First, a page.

In a previous paper1 some experimental work was published, in which it was shown that irritation of the pleura by mechanical or chemical means would sometimes give rise to a reflex fall in blood pressure. It was shown also that this depressor reflex occurred more frequently when the irritant was applied to the inflamed pleura than to the normal pleura.
These results suggested the possibility of danger in the treatment of empyema by irrigation with antiseptic solutions. In order to determine how great this element of danger is, the following irrigation experiments were carried out on healthy dogs and on dogs with artificial empyema.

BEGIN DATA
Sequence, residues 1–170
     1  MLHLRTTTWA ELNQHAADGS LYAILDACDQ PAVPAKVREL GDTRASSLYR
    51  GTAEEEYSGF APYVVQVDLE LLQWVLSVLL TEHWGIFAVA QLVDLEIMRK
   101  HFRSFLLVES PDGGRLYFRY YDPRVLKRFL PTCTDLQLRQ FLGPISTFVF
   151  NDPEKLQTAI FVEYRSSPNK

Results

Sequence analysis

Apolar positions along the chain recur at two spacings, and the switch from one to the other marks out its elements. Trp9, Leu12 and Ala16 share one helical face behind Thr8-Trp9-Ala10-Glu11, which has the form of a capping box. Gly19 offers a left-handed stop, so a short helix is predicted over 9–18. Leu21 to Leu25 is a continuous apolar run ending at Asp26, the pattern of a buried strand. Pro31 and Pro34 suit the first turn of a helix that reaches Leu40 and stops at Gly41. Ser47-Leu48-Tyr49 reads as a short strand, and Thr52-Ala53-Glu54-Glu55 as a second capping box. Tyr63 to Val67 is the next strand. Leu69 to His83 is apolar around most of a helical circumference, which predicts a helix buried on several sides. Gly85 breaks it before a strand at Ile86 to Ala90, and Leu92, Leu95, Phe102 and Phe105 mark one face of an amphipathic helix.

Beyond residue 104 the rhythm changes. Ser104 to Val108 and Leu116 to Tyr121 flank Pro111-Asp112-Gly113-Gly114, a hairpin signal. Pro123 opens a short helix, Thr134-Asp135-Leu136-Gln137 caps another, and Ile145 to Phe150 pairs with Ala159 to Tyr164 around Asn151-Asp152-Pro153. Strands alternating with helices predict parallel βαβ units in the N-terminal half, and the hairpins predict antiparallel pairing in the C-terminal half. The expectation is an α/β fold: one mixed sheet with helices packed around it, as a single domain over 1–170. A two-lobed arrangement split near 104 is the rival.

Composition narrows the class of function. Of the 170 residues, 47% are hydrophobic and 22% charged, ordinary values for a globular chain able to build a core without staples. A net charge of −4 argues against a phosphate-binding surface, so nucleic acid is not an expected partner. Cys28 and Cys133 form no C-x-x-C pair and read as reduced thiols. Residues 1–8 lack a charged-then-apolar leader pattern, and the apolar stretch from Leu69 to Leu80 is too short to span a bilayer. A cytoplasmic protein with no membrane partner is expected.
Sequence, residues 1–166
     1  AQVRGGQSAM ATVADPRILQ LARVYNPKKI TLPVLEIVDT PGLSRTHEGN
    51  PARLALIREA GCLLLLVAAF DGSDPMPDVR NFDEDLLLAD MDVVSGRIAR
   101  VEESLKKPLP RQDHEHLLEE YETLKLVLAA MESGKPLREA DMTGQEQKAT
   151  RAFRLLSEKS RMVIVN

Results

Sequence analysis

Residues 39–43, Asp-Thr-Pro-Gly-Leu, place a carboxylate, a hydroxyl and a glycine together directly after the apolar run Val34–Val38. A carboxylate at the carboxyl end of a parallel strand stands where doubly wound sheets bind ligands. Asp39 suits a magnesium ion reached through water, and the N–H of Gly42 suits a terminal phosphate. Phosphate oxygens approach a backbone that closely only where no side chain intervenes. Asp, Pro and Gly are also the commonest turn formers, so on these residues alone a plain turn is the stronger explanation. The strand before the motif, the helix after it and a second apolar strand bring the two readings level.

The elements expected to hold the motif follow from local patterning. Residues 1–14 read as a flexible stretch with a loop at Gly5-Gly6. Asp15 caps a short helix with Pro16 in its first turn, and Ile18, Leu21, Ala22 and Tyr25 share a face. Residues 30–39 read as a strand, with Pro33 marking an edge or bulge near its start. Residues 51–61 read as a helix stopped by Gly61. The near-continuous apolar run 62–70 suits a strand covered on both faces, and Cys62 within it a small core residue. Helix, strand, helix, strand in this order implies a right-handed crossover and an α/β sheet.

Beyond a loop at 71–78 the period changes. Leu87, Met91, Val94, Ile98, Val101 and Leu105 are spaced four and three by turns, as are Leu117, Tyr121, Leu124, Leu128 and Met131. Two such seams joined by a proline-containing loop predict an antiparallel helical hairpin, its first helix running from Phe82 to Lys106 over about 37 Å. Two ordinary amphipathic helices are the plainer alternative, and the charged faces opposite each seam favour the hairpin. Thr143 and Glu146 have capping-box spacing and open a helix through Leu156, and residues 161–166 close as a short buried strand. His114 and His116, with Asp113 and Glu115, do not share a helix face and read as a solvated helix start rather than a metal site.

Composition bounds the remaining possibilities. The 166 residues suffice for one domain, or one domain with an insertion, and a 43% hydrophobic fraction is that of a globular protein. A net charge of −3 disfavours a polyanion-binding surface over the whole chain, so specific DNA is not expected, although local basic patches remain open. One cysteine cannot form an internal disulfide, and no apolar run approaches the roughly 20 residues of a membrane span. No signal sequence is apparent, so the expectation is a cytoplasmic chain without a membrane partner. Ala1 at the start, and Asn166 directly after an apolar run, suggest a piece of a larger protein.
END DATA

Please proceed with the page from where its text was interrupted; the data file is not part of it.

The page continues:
To produce empyema a few ounces of contaminated cotton-seed oil are injected into the pleural cavity of a dog. After forty to fifty hours the animal is languid and feverish. Examination of the thorax shows on the side injected an abundant seropurulent exudate and, as